Thomas C. Massie and his wife, Eleanor McGuire purchased lived at 607 South Pitt Street, the site of the former Snowden School. The house is currently on the market.
After the end of the Civil War, George L. Seaton was commissioned by the Freedmen Bureau to build two schools for the education of Colored children. The school opened its doors in 1867 serving as a Free School for white and colored children and with all white teachers. In 1870, the school was incorporated into the Alexandria Public School System and it was identified as a school for colored boys. The school was named Snowden School for Colored Boys. However, many of the citizens of the day called the school, “Seaton School House,” after its builder George L. Seaton. The second school was called Hallowell School for Colored Girls. Both schools served the Colored children until the City of Alexandria started a coed Colored school in 1920 named Parker-Gray School. The Snowden School was located in the 600 block of South Pitt Street. Today, the land that the School was built on includes 607 South Pitt Street.
On Sunday, March 27, 1916, the Snowden School caught fire and burnt down. The students were located into temporary buildings. The school was never rebuilt on South Pitt Street.
After World War II, Alexandria experienced a housing boom. Several houses were built on South Pitt Street. Thomas C. Massie and his wife, Eleanor McGuire purchased their new home in 1948 at 607 South Pitt Street. Thomas was a Federal employee who worked for the Navy at the Torpedo Factory in Alexandria and at the Navy Yard in Washington, D.C. Thomas’s wife, Eleanor was a native Alexandrian, her father and brothers had attended the Snowden School. Her aunt, Alice McGuire Seaton was married to George L. Seaton’s brother, John who was the first colored to be appointed as Alderman in the fourth ward in Alexandria City Council in 1871. Eleanor was aware of the historical significance South Pitt Street had on her family’s history.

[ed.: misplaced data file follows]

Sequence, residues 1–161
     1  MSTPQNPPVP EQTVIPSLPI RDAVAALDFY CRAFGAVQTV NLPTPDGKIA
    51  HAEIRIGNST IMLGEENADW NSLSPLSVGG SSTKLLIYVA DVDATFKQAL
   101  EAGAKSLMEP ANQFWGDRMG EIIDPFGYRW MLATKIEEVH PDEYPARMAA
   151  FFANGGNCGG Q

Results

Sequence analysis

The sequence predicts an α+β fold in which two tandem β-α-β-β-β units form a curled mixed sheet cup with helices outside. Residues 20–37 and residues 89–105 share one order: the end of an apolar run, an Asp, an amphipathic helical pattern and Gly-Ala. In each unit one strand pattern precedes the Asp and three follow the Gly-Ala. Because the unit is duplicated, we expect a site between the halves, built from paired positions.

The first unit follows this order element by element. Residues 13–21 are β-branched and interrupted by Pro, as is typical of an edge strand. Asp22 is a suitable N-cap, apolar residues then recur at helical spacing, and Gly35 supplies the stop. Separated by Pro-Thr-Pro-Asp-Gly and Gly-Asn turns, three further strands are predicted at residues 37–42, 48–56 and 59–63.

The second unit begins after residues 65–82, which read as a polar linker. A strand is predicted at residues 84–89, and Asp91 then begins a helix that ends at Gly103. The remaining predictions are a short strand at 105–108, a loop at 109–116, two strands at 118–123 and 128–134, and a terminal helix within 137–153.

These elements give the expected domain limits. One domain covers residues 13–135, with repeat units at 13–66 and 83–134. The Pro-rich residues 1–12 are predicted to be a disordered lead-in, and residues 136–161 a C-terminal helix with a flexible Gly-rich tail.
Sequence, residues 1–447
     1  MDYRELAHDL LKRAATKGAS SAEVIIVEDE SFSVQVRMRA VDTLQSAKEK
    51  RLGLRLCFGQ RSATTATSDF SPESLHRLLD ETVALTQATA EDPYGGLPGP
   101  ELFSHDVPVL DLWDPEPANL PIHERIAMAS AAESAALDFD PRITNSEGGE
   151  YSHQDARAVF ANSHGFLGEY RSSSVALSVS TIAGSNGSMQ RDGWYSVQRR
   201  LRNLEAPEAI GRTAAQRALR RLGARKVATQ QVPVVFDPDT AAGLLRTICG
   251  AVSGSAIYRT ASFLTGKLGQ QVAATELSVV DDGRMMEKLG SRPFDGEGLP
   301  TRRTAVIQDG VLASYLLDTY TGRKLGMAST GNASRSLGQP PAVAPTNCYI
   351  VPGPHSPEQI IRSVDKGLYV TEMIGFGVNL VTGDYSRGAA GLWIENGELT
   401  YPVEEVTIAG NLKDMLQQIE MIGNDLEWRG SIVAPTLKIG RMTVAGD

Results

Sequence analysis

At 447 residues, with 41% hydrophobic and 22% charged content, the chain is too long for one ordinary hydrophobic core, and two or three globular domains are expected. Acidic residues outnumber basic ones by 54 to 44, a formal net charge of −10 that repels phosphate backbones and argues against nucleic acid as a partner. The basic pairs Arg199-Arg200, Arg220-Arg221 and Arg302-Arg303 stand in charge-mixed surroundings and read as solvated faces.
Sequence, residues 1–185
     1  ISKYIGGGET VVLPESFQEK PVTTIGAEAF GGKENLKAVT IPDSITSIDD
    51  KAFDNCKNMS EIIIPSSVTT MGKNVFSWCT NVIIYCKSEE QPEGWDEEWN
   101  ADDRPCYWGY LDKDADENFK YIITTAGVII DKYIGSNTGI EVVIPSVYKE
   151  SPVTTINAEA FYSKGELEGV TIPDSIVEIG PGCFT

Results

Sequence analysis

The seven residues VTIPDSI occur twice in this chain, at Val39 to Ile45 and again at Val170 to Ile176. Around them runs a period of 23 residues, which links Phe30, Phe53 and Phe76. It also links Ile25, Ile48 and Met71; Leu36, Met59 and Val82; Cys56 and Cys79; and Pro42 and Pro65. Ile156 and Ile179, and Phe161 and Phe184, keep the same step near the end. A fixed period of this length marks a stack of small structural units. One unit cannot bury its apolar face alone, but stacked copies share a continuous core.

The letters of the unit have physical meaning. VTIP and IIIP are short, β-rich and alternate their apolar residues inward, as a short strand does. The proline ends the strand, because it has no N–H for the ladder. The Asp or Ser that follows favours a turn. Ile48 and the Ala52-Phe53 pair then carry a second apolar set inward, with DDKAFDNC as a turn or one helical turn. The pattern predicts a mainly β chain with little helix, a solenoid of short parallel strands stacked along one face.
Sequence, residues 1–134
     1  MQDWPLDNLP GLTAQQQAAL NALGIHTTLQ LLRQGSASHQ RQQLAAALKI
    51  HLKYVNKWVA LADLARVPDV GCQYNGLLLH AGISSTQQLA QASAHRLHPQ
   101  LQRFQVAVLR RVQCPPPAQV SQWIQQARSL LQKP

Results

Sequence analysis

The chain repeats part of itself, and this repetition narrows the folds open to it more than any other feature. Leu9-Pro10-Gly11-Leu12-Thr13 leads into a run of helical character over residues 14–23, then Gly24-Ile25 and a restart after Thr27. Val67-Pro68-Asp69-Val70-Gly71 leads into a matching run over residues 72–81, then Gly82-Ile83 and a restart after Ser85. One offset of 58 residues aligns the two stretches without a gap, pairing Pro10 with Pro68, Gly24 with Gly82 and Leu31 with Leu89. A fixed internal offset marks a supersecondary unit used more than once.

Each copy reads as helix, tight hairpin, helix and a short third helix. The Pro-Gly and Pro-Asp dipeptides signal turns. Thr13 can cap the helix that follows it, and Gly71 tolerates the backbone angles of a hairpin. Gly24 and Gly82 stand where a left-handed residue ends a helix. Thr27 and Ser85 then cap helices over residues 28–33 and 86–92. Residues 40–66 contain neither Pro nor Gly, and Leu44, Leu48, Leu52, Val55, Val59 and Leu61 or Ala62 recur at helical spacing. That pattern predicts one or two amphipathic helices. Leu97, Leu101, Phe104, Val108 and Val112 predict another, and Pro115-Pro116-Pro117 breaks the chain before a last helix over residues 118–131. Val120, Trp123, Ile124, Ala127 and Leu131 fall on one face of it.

On Oct. 17, 1970 at the age of 60, Thomas C. Massie died. Eleanor continued her life as a widow. She became closer to her surviving siblings and nephew, James E. Henson. Eleanor lived 31 years as a widow, dying on June 13, 2001. She left her 607 South Pitt Street house to her nephew, James E. Henson, and his wife, Elsie Ardene Henson. The couple hired contractors to renovate the entire house into three bedrooms, 3.5 bathrooms with a garage. This house is a beautiful showpiece and it sits on historical land that once educated many children who were born in slavery or were the children of former slaves. Eleanor knew that she had to pass her property down to a person in her family that would appreciate the significance of the land that had the first Colored Public School. Her nephew is college educated and a lawyer, the person she felt knew the historical background of the land the house is built on.
James and Ardene have lived in their home since 2006. Now, they are downsizing. They have put the house on the market. This house and the land it sits on represent Alexandria’s history that is unknown to many. The house is walking distance to a grocery store and to Alexandria’s wharf. From this house, elementary students can walk to Lyles-Crouch Elementary School.
James E. Henson, Esq., has made history himself by becoming the 2019 Living Legend of Alexandria. His aunt Eleanor would be proud that he is keeping the history of 607 South Pitt Street alive.
Char McCargo Bah is a published author, freelance writer, independent historian, genealogist and a Living Legend of Alexandria. She maintains two blogs, https://theotheralexandria.com/ and https://findingthingsforu.com/.